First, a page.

After almost 10 years in the music industry, the Minnesota producer Psymun has learned to stop worrying about the dumb shit. Whether it’s rappers taking his beats from the Internet for their own use, or publications overlooking his work, he no longer takes himself seriously enough to care. As long as he can continue to make the music he wants to make, and pay his bills doing it, he’ll be all right.
That might explain why his new three-track EP, Rainbow Party, feels so free. Each song is an adventure, noisy analog synths and eerily warped vocal samples soaring and spiraling around drums that build from flickering drizzle to thunderous crush. And while vocalists and longtime collaborators Chester Watson and K.Raydio pop up as guests of honor, it’s always clear who’s the life of this party.
Psymun has kept busy since his last solo foray, Pink Label, and the self-titled full-length from his disbanded crew thestand4rd (both released 2014). Last summer, he played guitar on two songs on The Weeknd’s Starboy. Since then, he’s been working closely with some of the most exciting new acts from the Twin Cities: Corbin, Dizzy Fae, and Velvet Negroni. He’s even been performing with Negroni on opening slots for Bon Iver, and has accompanied him to sessions and rehearsals at Justin Vernon’s April Base studios in Eau Claire, Wisconsin.
We talked with Psymun about being inspired by Lightning Bolt, creating music within limitations, and collaborating with The Weeknd and Bon Iver.
What’s the story behind Rainbow Party?
Ryan Olson [Totally Gross National Product/Polica] was setting up a show at the Triple Rock Social Club in Minneapolis, and he wanted everyone on the lineup to only play songs at 55 beats per minute. So I had to make all new songs specifically for the show. I ended up making ‘I Need My Boy’ and ‘Confetti,’ and I realized that they were some of my favorite songs I’ve ever made. Afterwards, I made ‘Glitch Tundra’ and Ghostly [the music label] thought it could use some vocals. So I got Chester [Watson] on it, and I felt like that made everything fit better.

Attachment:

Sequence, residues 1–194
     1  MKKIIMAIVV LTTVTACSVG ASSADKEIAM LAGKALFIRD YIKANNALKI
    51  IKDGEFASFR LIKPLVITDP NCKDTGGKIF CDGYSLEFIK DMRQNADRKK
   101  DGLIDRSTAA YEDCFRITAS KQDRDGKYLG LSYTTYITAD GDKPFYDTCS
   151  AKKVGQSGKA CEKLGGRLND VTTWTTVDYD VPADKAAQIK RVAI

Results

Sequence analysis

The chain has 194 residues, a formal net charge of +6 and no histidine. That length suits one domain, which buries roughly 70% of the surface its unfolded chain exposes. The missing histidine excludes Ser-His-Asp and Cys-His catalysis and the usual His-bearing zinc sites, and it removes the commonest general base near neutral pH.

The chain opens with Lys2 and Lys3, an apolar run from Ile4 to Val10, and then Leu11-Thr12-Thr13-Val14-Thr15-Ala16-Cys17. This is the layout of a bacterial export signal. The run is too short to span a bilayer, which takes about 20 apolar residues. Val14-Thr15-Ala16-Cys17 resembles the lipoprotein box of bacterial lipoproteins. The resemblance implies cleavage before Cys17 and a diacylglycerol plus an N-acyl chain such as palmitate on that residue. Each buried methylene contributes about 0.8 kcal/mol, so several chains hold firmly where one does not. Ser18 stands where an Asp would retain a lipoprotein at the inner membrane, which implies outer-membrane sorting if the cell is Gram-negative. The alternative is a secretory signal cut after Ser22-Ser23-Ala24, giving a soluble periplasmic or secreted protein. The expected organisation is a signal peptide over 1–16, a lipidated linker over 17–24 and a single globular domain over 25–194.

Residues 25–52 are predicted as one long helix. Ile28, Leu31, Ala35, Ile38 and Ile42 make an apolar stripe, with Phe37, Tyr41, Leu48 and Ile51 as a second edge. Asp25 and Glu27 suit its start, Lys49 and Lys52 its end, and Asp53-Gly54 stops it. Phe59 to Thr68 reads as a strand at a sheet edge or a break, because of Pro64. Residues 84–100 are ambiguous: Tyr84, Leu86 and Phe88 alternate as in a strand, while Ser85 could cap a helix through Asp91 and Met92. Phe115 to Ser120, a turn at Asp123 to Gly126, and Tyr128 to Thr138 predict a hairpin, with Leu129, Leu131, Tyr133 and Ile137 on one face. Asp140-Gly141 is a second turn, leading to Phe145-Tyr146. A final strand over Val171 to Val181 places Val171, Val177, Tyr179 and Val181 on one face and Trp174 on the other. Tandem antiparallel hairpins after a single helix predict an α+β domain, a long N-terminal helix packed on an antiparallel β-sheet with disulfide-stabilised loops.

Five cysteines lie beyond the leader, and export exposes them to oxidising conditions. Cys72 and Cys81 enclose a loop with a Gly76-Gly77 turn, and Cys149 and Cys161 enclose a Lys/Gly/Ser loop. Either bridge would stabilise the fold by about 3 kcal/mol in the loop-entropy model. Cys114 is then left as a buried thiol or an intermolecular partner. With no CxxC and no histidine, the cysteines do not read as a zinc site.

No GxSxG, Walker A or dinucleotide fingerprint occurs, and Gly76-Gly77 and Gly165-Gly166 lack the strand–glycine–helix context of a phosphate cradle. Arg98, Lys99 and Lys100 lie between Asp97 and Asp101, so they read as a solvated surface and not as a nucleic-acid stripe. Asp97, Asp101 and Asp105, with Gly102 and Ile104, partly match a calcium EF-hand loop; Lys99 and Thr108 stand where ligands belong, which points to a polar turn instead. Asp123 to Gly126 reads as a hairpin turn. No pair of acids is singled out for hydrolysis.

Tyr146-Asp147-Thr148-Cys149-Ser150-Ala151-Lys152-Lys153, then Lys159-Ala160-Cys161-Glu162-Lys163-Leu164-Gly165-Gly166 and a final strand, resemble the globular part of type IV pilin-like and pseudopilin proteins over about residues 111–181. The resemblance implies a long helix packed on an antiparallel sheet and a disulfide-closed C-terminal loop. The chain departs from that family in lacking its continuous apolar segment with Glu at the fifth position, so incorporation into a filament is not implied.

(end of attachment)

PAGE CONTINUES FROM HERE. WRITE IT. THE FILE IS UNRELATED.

My friend Gunnar wanted to start a band called Rainbow Party when we were freshman in high school, and that always stuck with me. When I got Michael Cina’s album artwork, I thought it was perfect for the name and the sound, and so it felt imperative that I name it that. When I listen to the EP, I see a lot of different color tones on each song. It just feels like it makes a rainbow or something [laughs].
Do you think that having to work within confines like that helped you?
It’s interesting, because I feel like the definition of being creative and being artful is having no limitations. That’s almost the definition of creativity. But what happens all the time is that I end up not finishing beats and songs because I don’t technically need to finish them. When I was forced to work within some sort of box––I needed to finish these songs for this show, and they needed to be at this tempo––I ended up making stuff that I was really stoked on.
The sound and form of Rainbow Party is a departure in style for you. To what do you attribute that?
It had a lot to do with what I was listening to at the time. I was listening to Godspeed You! Black Emperor a lot, and they make 20-minute long songs. That’s what I was into, that slow build. You can hear that a lot on Rainbow Party, these long build-ups. I was also listening to a lot of noisy punk music, like Lightning Bolt. You’d probably call them noise-rock, that inspired a lot of the sound. When I first started making music on a computer when I was 15, I would make harsh noise stuff and ambient stuff.